At TenStep we are dedicated to helping organizations achieve their goals and strategies through the successful execution of critical business projects. We provide training, consulting and products for organizations to help them set up an environment where projects are successful. This includes help with strategic planning, portfolio management, program / project management, Project Management Offices (PMOs) and project lifecycles. For more information, visit www.TenStep.com or contact us at This email address is being protected from spambots. You need JavaScript enabled to view it.
Last modified on Wednesday, 25 January 2017 17:13
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This content is from the Method123 weekly email dated 2017.19.01

Here Are Three Techniques for Managing Small Scope Changes

Everyone can recognize and appreciate that a scope change request must be invoked for large changes to the project. However, you may encounter resistance to formal scope change management for small change requests. The sponsor and other project team members may consider this to be unnecessary overhead for such small decisions.

They might be right. There are three alternate techniques to employ that may help with small changes. None of these options implies that you are not managing and tracking scope changes. These are just additional techniques to use that may be more appropriate for managing small scope changes.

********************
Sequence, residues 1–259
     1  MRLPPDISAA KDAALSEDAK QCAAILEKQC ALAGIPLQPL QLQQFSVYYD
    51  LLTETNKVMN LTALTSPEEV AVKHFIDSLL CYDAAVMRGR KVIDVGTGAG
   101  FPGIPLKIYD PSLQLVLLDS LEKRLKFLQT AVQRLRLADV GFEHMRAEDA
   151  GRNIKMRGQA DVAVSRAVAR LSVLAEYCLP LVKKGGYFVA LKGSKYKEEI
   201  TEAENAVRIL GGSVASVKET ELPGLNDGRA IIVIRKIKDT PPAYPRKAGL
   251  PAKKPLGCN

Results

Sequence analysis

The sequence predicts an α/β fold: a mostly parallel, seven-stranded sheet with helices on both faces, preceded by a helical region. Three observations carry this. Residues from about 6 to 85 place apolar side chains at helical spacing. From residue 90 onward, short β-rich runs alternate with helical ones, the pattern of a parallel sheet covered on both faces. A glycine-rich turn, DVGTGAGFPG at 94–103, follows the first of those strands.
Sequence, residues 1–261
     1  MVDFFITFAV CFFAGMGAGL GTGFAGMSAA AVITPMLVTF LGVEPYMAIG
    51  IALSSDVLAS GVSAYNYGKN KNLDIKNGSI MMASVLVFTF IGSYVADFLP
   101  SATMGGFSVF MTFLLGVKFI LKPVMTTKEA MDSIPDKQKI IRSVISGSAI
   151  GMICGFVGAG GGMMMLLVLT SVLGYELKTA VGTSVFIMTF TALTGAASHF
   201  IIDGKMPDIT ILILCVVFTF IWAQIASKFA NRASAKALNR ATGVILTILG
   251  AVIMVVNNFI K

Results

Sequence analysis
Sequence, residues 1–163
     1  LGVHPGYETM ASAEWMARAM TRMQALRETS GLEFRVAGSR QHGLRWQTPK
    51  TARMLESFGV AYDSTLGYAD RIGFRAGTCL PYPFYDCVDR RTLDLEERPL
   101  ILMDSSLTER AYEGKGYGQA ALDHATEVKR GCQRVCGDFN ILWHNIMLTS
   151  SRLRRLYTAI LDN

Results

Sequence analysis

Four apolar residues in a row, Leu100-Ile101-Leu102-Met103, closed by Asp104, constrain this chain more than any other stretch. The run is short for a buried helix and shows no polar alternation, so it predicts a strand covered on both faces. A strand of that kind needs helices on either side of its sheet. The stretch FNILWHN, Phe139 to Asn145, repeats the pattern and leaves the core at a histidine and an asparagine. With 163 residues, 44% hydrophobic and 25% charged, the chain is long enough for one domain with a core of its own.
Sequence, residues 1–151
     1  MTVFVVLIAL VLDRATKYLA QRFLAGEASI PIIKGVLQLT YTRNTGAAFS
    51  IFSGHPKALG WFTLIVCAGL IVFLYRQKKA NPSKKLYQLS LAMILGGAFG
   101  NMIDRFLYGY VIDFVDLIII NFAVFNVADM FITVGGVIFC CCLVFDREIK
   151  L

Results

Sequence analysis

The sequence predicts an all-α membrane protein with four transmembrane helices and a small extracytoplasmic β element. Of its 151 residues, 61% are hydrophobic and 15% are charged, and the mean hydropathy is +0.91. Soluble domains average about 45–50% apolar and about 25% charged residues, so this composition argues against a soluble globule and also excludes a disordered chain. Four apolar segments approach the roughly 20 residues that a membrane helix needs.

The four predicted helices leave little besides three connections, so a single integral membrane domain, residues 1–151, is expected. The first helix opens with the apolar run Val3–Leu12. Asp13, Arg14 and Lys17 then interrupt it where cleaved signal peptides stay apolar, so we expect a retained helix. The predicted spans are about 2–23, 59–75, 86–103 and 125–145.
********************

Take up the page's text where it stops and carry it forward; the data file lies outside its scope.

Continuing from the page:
• Batching. It is not always practical to get the sponsor to approve all small scope change requests each time one is requested. It is a better use of time to batch the small changes up into a bundle. This means that you keep track of the small scope changes, their business value and their impact on the project. Then, when they hit a certain threshold, you take them all to the sponsor for approval. For example, instead of visiting the sponsor ten times for small scope changes, you batch the small changes together and see the sponsor one time.
  • Discretion. The sponsor can delegate approval of small scope change requests to a more tactical customer manager. The ability to approve small changes usually assumes that the changes do not make the project exceed the agreed-upon cost or duration. If the project is in any risk of not meeting its cost or duration commitments, this discretion should not be used – even for a one-hour change request. In this case, all changes should go through a normal scope change process (like batching) to receive corresponding budget and schedule relief for any changes.